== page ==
Prof. GR Shi works at Deakin University, Australia, where he was Personal Chair in Palaeontology and Head of School of Life and Environmental Sciences for years. He has been bestowed the title of Alfred Deakin Professor by the University Council recently. His research interests includes Permian Brachiopod, Stratigraphy and Palaeobiogeography. He has served as President of Association of Australasian Palaeontologists and also served as the lead chief investigator of 5 Australian Research Council (ARC) Discovery Project grants and a number of other national and international competitive research grants. He has published over 200 peer-reviewed scientific papers, including in Journal of Paleontology, Geobiology, as well as Palaeogeography, Palaeoclimatology, Palaeoecology.
Prof. Ke-Xin Zhang is now Professor at China University of Geosciences, Wuhan. His research interests involve Micropaleontology (conodont), Stratigraphy, Sedimentary, Cenozoic uplift of the Tibet Plateau. He has won National Science and Technology Award in 2002 and Special Award of the National Science and Technology Progress Award in 2011. As one of major authors, He firstly proposed the conodont Hindeodus parvus as the index fossil for the Permian-Triassic boundary at the GSSP section, Meishan Section D of South China. He has published more than 250 papers in many peer-reviewed journals as the main author or co-author and also authored a number of books and book chapters.
Dr. Ting-Lu Yang obtained his bachelor degree in Geology and Ph.D. in Paleontology and Stratigraphy from China University of Geosciences (Wuhan). He now works at the Faculty of Earth Sciences, East China University of Technology. His research interests focus on the Permian-Triassic bivalve taxonomy, invertebrate phylogeny and paleoecology. He has published over 10 papers in peer-reviewed journals as the main author or co-author, covering Alcheringa, Journal of Paleontology, Geobiology, Journal of Systematic Palaeontology, as well as Palaeogeography, Palaeoclimatology, Palaeoecology.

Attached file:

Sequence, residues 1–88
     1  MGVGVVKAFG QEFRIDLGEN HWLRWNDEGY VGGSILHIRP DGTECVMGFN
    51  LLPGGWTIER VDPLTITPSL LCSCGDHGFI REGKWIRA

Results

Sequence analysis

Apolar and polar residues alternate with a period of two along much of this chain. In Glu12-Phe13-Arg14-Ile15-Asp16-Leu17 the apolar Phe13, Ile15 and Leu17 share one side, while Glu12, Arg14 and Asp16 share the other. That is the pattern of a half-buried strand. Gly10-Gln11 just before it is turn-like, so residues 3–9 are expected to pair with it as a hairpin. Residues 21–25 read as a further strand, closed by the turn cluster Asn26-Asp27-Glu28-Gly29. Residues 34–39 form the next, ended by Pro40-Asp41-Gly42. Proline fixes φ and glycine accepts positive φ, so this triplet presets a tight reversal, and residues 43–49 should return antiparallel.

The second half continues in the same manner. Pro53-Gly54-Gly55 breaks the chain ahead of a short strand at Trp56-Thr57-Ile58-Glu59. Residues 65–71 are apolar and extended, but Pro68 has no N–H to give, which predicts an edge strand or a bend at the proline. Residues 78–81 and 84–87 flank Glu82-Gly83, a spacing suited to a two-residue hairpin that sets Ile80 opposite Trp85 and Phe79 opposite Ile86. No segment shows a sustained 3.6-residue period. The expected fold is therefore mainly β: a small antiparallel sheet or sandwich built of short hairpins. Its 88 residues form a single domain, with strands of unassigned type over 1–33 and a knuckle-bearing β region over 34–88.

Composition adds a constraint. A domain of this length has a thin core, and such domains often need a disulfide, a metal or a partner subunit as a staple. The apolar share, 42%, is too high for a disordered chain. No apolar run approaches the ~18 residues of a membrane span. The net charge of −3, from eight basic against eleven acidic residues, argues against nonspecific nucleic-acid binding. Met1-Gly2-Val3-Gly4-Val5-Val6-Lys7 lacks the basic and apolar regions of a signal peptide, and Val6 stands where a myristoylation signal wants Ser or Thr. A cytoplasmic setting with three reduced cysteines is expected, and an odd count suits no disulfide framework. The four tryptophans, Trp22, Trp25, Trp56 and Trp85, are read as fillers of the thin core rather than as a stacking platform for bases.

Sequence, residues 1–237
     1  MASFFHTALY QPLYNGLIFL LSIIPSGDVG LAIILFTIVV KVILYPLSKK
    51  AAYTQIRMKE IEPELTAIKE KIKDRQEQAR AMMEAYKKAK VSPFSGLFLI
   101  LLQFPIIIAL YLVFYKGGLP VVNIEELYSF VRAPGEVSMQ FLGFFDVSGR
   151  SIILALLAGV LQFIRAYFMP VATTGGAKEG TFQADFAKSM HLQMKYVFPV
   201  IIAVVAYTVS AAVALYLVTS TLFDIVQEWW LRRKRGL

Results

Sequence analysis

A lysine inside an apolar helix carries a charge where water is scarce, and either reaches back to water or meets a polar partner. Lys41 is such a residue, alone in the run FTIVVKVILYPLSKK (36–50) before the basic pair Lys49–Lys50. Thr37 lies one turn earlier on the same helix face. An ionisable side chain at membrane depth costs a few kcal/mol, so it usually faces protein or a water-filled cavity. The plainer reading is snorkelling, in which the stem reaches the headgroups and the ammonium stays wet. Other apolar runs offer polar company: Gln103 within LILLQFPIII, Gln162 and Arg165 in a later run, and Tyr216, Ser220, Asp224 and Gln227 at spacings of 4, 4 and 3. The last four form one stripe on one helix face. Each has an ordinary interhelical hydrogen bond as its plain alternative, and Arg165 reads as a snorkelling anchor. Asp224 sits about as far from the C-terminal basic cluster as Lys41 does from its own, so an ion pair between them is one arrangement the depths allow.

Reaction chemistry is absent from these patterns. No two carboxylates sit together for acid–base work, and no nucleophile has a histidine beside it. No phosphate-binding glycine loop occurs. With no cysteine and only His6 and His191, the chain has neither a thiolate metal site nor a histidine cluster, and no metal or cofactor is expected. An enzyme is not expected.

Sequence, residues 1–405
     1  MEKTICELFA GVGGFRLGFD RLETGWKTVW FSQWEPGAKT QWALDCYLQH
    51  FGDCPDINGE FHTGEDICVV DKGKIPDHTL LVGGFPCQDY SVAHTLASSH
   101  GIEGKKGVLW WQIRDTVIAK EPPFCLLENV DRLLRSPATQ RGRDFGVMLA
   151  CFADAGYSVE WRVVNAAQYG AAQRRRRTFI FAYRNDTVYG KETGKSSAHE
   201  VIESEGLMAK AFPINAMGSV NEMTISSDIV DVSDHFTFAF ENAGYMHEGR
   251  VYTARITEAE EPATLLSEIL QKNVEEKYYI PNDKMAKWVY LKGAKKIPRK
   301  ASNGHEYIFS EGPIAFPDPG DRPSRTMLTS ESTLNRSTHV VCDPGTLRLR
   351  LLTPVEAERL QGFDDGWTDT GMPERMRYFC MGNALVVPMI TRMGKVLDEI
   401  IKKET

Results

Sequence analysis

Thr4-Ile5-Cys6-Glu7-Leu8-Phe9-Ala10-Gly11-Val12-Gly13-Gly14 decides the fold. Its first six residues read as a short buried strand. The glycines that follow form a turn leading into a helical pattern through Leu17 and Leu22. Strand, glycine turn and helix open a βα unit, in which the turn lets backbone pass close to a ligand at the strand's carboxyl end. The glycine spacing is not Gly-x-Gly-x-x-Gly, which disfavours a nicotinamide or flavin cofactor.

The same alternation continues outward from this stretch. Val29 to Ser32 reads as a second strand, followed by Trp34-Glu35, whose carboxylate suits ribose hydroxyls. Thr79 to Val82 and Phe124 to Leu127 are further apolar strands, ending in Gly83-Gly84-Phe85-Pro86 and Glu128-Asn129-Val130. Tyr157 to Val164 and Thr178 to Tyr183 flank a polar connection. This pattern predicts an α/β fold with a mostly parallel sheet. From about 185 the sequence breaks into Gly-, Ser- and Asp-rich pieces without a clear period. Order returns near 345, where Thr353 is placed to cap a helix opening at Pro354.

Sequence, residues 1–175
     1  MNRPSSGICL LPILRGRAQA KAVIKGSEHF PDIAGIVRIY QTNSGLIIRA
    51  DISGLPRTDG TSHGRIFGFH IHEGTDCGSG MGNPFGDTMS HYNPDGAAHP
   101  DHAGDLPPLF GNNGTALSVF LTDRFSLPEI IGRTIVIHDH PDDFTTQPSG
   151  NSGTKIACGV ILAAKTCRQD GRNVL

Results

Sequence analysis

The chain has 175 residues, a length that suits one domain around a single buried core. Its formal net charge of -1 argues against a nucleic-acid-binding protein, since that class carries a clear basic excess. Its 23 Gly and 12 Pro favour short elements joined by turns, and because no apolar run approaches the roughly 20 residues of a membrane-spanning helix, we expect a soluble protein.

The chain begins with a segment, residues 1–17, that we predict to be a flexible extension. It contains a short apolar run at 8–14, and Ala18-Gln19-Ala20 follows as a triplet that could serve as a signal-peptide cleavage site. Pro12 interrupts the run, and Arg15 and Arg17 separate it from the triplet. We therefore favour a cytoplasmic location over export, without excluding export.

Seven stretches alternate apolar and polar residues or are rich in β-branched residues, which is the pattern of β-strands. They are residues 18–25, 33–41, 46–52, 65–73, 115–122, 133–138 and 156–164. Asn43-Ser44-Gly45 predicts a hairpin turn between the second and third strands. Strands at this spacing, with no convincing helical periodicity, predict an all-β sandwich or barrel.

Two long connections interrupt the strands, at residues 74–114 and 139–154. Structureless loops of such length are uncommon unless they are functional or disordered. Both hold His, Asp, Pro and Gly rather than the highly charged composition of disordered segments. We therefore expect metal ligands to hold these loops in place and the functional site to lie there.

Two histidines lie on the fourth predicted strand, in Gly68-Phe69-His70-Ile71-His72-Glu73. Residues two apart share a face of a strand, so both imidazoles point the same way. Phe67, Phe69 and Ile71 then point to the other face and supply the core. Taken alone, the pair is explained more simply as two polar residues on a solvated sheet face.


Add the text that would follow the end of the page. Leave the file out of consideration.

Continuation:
Prof. Shu-Zhong Shen is an academician of Chinese Academy of Sciences and the leading scientist of the Late Paleozoic Research Group of the Nanjing Institute of Geology and Palaeontology, Chinese Academy of Sciences. Since 2003, he has led a few key projects as the principal scientist including a national basic research program supported by the Ministry of Science and Technology of China, a major program project and an outstanding Research Group supported by the National Natural Science Foundation of China on the biological events and associated environmental changes during the Phanerozoic. He has been the chair of the International Subcommission on Permian Stratigraphy since 2012 and served as the director of the State Key Laboratory of Palaeobiology and Stratigraphy from 2006 to 2016. He was also awarded a National Natural Science Prize (second class) and a provincial prize (first class). Prof. Shen's major fields include systematics of the Permian and Triassic brachiopods and conodonts, biostratigraphy, global palaeobiogeography, mass extinctions and environmental changes. He has published more than 230 papers in more than 50 international journals and also authored or edited 16 monographs and special issues.
Dr. Yang Zhang works at the School of Earth Sciences and Resources, China University of Geosciences, Beijing, China. His research interests involve the Permian-Triassic brachiopods, conodonts, palaeoecology and palaeobiogeography. He obtained his PhD degrees at China University of Geosciences (Wuhan) and Deakin University (Australia). He has published more than 23 papers in many peer-reviewed journals as the main author or co-author, including Palaeontology, Journal of Asian Earth Sciences and Palaeogeography, Palaeoclimatology, Palaeoecology.